Ebola vaccine (Delta VP30) FAQ

What is Ebola?

  • Ebola is a virus that can cause a severe and often fatal disease called Ebola virus disease (EVD).
  • The virus was discovered in 1976 near the Ebola River in what is now the Democratic Republic of Congo. Since then, there have been sporadic outbreaks of EVD, with the most recent one in 2013-2016 affecting West African countries, mainly Guinea, Sierra Leone and Liberia.
  • While the natural host of Ebola virus remains unknown, researchers think fruit bats are the most likely reservoir.

How does Ebola Virus spread?

  • Ebola does not spread through the air or through water. There is no evidence that mosquitoes or other insects can transmit Ebola virus.
  • In humans, Ebola can spread through close and direct physical contact with bodily fluids, especially blood, vomit and feces, from a person infected with the virus.
  • Ebola can also spread through contact with surfaces and materials (e.g. bedding, clothing) contaminated with these fluids and through the use of contaminated needles and syringes.
  • Ebola has also been detected in urine, breast milk, and semen. Some studies have found the virus in saliva and tears, but these results are still inconclusive.

Why do we need a vaccine for Ebola Virus?

  • There are no proven treatments or vaccines for Ebola virus disease, although several vaccines are at various stages of development.
  • About 70% of those who get infected with Ebola die from the disease. The 2013-2016 Ebola outbreak in West Africa claimed more than 11,000 lives.
  • Having an effective vaccine can help hundreds of millions of people who are at risk from Ebola.

What is the Delta VP30 vaccine?

  • The Delta VP30 vaccine is based on an impotent and inactivated version of the whole Ebola virus. A critical viral gene – VP30, which the Ebola virus needs to reproduce in host cells – is deleted. Without this gene, the Ebola virus cannot replicate in humans or other animals.
  • Delta VP30 is different from most other Ebola virus vaccines because to our immune system it looks nearly identical to the natural virus.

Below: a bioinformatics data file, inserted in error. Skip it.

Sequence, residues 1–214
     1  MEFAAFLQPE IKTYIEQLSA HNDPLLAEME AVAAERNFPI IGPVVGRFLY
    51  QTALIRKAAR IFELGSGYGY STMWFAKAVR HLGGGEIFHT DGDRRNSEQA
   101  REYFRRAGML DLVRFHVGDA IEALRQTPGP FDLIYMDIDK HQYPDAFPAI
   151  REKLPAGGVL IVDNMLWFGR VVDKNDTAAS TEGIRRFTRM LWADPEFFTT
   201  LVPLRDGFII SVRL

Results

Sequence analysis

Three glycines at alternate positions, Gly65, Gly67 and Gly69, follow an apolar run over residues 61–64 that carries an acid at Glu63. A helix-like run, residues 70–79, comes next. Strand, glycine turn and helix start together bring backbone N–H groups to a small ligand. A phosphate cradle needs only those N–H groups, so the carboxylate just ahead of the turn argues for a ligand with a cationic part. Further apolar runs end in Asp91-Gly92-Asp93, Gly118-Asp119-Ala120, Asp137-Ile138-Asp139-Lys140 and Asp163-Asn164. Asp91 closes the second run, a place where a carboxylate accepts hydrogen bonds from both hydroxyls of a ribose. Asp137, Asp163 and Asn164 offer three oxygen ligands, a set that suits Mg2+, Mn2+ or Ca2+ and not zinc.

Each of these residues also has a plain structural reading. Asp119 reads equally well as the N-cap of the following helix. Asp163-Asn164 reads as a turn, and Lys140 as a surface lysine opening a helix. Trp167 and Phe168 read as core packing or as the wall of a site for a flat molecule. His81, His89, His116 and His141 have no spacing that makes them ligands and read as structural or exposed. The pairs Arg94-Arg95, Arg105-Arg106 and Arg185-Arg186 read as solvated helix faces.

Can the Delta VP30 vaccine cause Ebola virus disease?

  • No.
  • Delta VP30 can only grow in specialized cells engineered to make the VP30 protein. The cells in our bodies don’t make VP30 protein. Delta VP30 cannot reproduce in cells that don’t make VP30 protein.
  • The United States Federal Select Agent Program has excluded the Ebola Delta VP30 replication-incompetent virus from its list of Select Agents as it “does not pose a severe threat to public health and safety, animal health, or animal products.”

Who developed the Delta VP30 vaccine?

  • The Delta VP30 vaccine was constructed on an experimental platform first devised in 2008 by Peter Halfmann, a research scientist in Yoshihiro Kawaoka’s lab.

Why use a vaccine based on the whole Ebola virus?

  • Vaccines ‘train’ the immune system to recognize and fight specific diseases. As an impotent, inactivated whole virus vaccine, Delta VP30 shows the immune system more of the Ebola virus, which could confer greater protection against infection compared to vaccines that include only one or two Ebola proteins.
  • In 2015, the Delta VP30 vaccine was shown to effectively protect monkeys from Ebola, a species highly susceptible to the virus.

Is it safe to manufacture the Delta VP30 vaccine at the Waisman Center?

  • Yes.
  • Waisman Biomanufacturing, the facility that will manufacture the Delta VP30 vaccine, has years of experience producing a broad range of vaccine products safely, in large quantities and to clinical and industry standards.
  • UW-Madison’s Institutional Biosafety Committee has reviewed and approved work with Delta VP30 at the Waisman Center.
  • Work in the lab, which will be done at Biosafety Level 2, will include expert oversight and conform to all applicable rules and regulations imposed by the federal government and UW-Madison.

Who can I contact if I want more information?